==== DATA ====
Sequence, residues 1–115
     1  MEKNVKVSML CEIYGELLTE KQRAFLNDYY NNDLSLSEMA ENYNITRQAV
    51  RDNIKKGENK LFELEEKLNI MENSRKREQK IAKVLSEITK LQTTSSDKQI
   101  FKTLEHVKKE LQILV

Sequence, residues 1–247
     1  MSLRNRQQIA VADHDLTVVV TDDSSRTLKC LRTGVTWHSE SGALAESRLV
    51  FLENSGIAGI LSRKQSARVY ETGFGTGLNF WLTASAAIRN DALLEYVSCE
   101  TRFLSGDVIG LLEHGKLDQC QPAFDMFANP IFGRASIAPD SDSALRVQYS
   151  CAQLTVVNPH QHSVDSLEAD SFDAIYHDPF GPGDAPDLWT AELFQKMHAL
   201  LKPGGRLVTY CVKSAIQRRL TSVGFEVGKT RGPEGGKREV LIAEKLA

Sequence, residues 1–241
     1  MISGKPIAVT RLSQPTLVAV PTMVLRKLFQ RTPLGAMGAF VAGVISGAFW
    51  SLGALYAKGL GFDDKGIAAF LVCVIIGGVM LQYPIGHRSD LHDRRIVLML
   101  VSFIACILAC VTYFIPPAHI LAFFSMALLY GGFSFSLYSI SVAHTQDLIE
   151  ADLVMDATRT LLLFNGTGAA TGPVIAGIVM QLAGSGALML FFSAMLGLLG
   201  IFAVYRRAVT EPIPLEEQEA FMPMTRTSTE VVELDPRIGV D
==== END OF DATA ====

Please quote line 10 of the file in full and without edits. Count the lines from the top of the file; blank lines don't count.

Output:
   201  LKPGGRLVTY CVKSAIQRRL TSVGFEVGKT RGPEGGKREV LIAEKLA